Superconducting Transition Temperatures on the Rise

A superconductor exhibits no resistance to electrical current when cooled below the critical temperature Tc, and developing superconductors with the highest possible transition temperatures is currently one of the grand challenges in materials physics. Until now, the highest Tc values have been observed in copper oxide based materials known as cuprates. In fact, cuprates have provided the only examples of superconductors with transition temperatures above the boiling point of liquid nitrogen, 77 K. Xiao-Jia Chen, along with researchers from the Geophysical Laboratory, South China Institute of Technology, and the Max Planck Institute, have unexpectedly found that the superconducting state can be induced under two different pressure regimes in a bismuth cuprate crystal of composition Bi2Sr2Ca2Cu3O10-δ, referred to as Bi2223. This material has a layered structure, with insulating bismuth-oxide layers sandwiching layers of strontium oxide, copper oxide, and calcium oxide (Figure, left). The outermost and inner copper oxide layers have different physical properties resulting in an imbalance of electric charge between the layers. It appears that this unusual two-step phenomenon comes from competition in electronic behavior between different kinds of copper-oxygen layers in the crystal. The work is published in the August 19, 2010 issue of Nature.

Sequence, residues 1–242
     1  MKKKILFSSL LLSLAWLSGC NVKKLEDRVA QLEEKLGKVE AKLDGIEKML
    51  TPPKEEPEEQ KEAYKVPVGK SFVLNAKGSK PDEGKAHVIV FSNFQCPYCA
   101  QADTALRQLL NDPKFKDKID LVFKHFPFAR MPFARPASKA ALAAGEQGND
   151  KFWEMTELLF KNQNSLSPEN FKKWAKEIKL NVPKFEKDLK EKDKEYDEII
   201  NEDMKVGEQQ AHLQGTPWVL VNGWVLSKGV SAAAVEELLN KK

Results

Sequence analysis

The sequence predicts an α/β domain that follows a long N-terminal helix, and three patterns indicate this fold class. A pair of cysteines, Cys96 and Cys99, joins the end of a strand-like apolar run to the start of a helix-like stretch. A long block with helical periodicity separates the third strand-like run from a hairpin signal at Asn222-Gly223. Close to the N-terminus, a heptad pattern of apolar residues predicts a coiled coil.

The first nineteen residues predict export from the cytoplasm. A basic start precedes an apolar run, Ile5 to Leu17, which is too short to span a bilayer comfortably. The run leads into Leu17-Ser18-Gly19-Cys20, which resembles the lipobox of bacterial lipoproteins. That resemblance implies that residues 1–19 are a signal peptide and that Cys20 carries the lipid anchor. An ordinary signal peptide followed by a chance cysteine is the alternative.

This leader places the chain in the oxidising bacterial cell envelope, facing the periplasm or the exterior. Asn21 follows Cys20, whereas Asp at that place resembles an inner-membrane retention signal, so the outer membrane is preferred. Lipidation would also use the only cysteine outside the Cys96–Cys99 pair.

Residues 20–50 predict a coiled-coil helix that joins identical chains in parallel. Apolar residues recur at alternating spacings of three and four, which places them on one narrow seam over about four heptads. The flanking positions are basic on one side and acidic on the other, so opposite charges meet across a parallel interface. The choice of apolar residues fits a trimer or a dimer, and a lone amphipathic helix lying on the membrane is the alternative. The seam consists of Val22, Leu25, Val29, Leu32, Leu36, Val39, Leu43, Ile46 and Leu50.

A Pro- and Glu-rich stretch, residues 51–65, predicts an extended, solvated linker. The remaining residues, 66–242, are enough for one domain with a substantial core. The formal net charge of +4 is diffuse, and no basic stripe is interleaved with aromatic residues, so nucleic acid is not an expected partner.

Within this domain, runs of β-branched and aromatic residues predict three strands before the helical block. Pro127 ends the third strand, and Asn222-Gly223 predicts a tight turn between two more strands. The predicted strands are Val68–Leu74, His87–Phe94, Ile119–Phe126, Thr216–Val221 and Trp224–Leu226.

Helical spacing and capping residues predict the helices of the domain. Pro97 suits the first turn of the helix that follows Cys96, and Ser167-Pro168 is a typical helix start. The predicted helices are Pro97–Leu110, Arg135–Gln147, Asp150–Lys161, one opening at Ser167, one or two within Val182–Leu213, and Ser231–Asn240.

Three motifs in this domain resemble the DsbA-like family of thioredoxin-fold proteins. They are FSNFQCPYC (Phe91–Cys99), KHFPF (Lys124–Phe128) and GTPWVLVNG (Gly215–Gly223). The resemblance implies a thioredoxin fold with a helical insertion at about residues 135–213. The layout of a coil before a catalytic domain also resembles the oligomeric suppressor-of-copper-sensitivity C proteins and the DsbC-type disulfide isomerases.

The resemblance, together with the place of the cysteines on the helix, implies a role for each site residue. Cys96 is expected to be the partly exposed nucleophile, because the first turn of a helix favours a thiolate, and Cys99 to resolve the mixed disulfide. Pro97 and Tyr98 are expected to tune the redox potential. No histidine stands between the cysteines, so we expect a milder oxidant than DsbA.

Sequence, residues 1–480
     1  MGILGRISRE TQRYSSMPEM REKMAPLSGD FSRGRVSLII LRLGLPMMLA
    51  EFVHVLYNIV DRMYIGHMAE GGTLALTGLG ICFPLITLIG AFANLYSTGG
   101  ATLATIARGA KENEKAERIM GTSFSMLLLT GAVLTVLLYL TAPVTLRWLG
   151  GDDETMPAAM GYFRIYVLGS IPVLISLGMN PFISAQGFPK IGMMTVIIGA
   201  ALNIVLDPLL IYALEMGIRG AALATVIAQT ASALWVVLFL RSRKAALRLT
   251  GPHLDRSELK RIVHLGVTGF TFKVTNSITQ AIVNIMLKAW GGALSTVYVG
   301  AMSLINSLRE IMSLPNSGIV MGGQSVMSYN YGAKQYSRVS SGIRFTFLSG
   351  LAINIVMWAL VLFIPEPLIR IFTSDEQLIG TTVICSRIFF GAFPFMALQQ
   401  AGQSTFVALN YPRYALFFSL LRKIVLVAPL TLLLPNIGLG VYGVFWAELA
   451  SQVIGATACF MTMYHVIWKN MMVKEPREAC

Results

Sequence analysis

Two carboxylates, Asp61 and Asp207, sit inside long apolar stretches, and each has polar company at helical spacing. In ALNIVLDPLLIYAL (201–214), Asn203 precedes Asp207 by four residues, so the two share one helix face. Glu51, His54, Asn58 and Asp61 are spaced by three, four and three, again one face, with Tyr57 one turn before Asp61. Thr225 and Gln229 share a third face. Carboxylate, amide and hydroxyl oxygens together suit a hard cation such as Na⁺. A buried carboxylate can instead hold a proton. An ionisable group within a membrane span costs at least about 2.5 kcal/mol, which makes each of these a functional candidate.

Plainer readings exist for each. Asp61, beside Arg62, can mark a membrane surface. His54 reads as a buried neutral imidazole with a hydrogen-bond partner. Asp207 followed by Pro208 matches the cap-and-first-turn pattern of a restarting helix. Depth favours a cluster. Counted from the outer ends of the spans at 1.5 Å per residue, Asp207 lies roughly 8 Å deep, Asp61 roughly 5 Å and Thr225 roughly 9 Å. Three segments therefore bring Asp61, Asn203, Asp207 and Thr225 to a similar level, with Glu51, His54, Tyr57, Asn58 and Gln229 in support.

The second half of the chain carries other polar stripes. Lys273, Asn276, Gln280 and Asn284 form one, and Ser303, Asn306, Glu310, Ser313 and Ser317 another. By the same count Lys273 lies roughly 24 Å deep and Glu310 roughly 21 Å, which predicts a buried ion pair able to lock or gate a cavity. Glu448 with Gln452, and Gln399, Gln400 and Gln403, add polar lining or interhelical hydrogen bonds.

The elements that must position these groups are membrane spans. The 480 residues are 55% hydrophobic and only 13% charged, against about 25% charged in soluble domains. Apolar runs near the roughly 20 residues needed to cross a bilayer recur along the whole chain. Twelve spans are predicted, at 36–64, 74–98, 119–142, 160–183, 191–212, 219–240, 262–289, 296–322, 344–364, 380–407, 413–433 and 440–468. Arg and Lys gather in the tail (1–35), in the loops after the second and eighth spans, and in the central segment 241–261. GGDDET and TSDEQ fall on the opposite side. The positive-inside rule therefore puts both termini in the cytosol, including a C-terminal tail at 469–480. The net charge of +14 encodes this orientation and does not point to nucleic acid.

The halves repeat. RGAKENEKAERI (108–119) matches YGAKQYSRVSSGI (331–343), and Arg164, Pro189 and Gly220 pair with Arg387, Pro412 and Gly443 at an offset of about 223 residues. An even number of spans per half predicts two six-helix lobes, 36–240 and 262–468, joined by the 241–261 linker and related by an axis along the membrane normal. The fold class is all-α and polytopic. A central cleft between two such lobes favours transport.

One way of increasing the transition temperature of superconducting materials is to dope them by valence substitution into the parent material. Under normal pressure, the transition temperature of the optimally doped Bi2223 is 108 K. Chen and his colleagues subjected doped crystals of the material to a range of pressures up to 36 GPa, the highest pressure yet for magnetic measurements in cuprate superconductors. The first increase in transition temperature was recorded at 10 GPa, with increasing pressures resulting in lower transition temperatures. Then, surprisingly, at 24 GPa the superconducting state reappeared (Figure, right). The transition temperature rose to 136 K at 36 GPa, which was the highest pressure attained in the experiment. Other research has shown that similar multilayered superconducting materials exhibit different electronic and vibrational behaviors in different layers, and suggests that 24 GPa represents a critical point at which applied pressure suppress es one type of electronic behavior and enhances another, in this case superconductivity [X. J. Chen et al., Nature, 466, 950-953 (2010)].